(MENAFN- Jordan Times) AMMAN – Child marriage has repercussions on human development throughout all stages of women's lives, according to a recent study by the UN Economic and Social Commission for Western Asia (ESCWA).
The study, titled“The cost of child marriage over the life cycle of girls and women”, was published in September 2023. Its findings are focused on four Arab countries: Egypt, Iraq, Jordan and Tunisia.
Although recent decades have marked a decrease in the prevalence of child marriage worldwide, including in the Arab region, progress remains“significantly slow”, it stated.
Aside from its detrimental consequences on the health of women and their children, child marriage also“results in lost earnings and poverty traps that translate into exorbitant costs for communities and society”, it added.
Among the countries featured in this study, Iraq and Egypt have the highest prevalence of child marriage, with 24 and 17 per cent of women between the ages of 20 and 24 marrying before age 18, respectively.
Jordan and Tunisia have moderate to low prevalence of child marriage among the same age group, set at 8 per cent and 2 per cent, respectively, according to the study.
It also showed that the portion of women aged 20 to 24 years, who were first married or in union before the age of 18, decreased in Jordan from 16 per cent in 2001 to 9 per cent in 2016.
Girls in humanitarian settings, more vulnerable
The study pointed out that the prevalence of child marriage in humanitarian and displacement contexts is increasing.
“Women and girls in conflict afflicted countries in the Arab region, such as Iraq, face growing adversities. Younger girls are increasingly disadvantaged due to exposure to violence in their communities and heightened perceptions of insecurity,” it stated.
Although the rate of child marriage in Jordan is considered“moderately low”, its prevalence varies among different communities, according to the study.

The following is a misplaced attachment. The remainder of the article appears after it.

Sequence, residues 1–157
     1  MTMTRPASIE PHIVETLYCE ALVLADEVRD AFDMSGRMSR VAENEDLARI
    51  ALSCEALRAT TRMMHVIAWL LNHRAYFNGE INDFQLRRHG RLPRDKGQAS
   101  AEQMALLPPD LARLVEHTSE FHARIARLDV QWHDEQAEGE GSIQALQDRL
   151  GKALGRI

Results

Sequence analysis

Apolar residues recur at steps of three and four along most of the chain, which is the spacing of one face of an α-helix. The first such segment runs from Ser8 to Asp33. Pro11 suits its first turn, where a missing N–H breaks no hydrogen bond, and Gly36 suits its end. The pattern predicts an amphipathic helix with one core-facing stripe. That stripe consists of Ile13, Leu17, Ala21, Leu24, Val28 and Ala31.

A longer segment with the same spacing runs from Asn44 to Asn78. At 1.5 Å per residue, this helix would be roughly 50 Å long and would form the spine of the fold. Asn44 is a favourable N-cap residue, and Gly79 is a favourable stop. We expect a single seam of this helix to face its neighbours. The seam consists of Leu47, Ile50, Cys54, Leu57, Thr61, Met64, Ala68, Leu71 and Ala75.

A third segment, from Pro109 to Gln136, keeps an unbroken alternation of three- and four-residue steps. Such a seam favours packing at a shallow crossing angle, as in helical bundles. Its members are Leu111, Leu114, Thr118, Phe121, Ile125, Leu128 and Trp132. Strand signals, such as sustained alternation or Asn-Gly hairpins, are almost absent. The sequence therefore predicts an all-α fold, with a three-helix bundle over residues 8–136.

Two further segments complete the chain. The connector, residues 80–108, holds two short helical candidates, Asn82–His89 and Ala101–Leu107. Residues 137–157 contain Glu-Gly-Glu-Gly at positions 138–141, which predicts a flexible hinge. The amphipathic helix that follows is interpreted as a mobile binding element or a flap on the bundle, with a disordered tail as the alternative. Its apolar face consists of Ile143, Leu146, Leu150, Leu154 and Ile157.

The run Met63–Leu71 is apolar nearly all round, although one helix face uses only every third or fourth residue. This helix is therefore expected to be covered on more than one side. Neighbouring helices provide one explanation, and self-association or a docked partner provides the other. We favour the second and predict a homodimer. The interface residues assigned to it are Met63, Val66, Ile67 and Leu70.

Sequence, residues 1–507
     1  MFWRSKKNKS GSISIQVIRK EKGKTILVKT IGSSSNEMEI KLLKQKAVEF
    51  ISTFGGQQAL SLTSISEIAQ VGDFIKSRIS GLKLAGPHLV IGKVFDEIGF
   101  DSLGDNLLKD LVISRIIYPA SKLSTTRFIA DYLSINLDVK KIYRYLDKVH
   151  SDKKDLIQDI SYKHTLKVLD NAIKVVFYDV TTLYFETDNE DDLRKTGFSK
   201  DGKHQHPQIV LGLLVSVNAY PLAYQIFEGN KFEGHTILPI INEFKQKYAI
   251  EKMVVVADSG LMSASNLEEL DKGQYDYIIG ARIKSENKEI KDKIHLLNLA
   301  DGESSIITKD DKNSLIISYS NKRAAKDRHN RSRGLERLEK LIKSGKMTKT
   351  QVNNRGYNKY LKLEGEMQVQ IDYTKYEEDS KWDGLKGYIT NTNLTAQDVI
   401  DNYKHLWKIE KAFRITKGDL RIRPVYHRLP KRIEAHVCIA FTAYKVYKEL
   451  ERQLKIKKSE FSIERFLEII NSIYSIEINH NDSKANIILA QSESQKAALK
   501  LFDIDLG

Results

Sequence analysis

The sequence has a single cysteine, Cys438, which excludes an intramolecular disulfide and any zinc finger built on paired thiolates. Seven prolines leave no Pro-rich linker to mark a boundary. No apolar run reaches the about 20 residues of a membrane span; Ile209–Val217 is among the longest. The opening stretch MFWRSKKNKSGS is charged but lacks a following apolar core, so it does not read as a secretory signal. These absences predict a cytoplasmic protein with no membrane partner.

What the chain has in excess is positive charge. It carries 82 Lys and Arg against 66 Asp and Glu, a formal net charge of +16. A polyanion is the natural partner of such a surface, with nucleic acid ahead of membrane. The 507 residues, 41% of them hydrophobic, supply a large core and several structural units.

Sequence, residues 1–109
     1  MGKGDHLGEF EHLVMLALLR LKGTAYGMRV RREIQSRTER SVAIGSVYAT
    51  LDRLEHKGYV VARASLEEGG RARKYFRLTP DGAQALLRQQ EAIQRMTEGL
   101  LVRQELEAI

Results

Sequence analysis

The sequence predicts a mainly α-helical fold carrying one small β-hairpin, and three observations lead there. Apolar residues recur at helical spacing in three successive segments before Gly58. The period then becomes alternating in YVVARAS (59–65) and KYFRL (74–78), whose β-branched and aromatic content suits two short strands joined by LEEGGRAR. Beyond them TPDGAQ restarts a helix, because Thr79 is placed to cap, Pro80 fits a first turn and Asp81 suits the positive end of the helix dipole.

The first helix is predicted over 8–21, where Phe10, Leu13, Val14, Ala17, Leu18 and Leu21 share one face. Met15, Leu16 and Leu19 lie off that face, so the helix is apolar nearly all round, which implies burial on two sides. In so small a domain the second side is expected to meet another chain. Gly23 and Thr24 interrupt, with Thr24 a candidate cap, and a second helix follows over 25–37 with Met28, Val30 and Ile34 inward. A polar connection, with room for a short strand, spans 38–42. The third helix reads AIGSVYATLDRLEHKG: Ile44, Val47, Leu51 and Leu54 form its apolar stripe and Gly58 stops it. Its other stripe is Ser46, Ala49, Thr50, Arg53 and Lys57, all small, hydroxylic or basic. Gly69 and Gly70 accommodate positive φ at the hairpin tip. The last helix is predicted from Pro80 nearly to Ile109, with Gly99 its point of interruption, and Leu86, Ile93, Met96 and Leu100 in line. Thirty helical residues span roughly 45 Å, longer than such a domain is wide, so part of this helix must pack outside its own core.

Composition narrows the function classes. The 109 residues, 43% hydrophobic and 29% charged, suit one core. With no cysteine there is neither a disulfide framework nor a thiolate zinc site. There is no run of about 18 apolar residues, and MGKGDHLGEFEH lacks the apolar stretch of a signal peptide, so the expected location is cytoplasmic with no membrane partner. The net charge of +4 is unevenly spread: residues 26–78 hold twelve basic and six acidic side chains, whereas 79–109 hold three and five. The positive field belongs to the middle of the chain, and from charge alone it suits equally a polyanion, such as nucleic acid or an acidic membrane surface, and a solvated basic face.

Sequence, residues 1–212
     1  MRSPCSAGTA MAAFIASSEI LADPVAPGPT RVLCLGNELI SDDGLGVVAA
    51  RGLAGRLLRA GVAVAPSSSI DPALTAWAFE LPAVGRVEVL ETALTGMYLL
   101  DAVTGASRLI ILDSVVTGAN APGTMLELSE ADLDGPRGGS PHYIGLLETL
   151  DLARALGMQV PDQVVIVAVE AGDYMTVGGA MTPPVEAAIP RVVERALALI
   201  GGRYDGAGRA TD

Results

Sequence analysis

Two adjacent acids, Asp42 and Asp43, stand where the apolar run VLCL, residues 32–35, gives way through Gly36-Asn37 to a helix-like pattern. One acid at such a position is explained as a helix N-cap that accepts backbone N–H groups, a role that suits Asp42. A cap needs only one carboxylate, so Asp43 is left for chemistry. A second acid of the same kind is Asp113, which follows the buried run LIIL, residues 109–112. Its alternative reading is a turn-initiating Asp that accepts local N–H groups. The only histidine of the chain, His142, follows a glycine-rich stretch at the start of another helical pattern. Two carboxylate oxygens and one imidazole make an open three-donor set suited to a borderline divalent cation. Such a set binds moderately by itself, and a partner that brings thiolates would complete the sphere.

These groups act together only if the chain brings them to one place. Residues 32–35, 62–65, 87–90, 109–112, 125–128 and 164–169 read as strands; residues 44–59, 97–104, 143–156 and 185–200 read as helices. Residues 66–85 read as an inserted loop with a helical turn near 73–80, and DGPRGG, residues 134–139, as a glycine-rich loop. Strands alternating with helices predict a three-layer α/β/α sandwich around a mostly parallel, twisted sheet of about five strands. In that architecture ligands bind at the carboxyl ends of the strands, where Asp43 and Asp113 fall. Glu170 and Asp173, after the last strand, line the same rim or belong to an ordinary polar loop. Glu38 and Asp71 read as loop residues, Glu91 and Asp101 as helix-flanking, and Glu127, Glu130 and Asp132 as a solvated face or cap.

“Syrian refugee communities in Jordan exhibit a more considerable prevalence of child marriage than their host counterparts.
“These divergent trends are driven by more traditional views of marriage in these communities and limited economic prospects for girls, making child marriage more probable. At the same time, lower educational attainment among girls in these groups appears to be highly correlated with the prevalence of child marriage,” the report noted.
Impact on educational attainment
Statistics cited in the study reveal that child marriage has a negative impact on primary and secondary school completion in Iraq, Egypt and Jordan.
For example, the secondary school completion rate among women aged 20 to 49 years, who married before 18 years of age in Jordan is 6.2 per cent, compared to 42.1 per cent among women in the same age group who married after 18 years of age.
The study noted that this lack of education is likely to reflect on the earnings and productivity of married girls in the labour force.
“When girls do not complete their education, they often resort to informal work that offers much lower wages and difficult working hours or increased exploitation compared to formal employment, resulting in a lifelong dent in earnings due to child marriage,” it added.
Although all four Arab countries have ratified prominent international human rights treaties and covenants that prohibit child marriage, several legal loopholes remain, according to the study.
“In Jordan, where article 10 (b) of the Personal Status Law No. 36 (2010) stipulates that the legal age for marriage is 18 years old, a judge may still allow the marriage of minors who are 15 years old or older if there is a“general interest” as defined by the Sharia court, but not younger,” it stated.
The study showed that the portion of women aged 18 to 49 years, who married before the minimum age for marriage stands at 33.80 per cent in Iraq, 20.45 per cent in Egypt and 13.42 per cent in Jordan, while Tunisia reports the lowest rate at 3.06 per cent.
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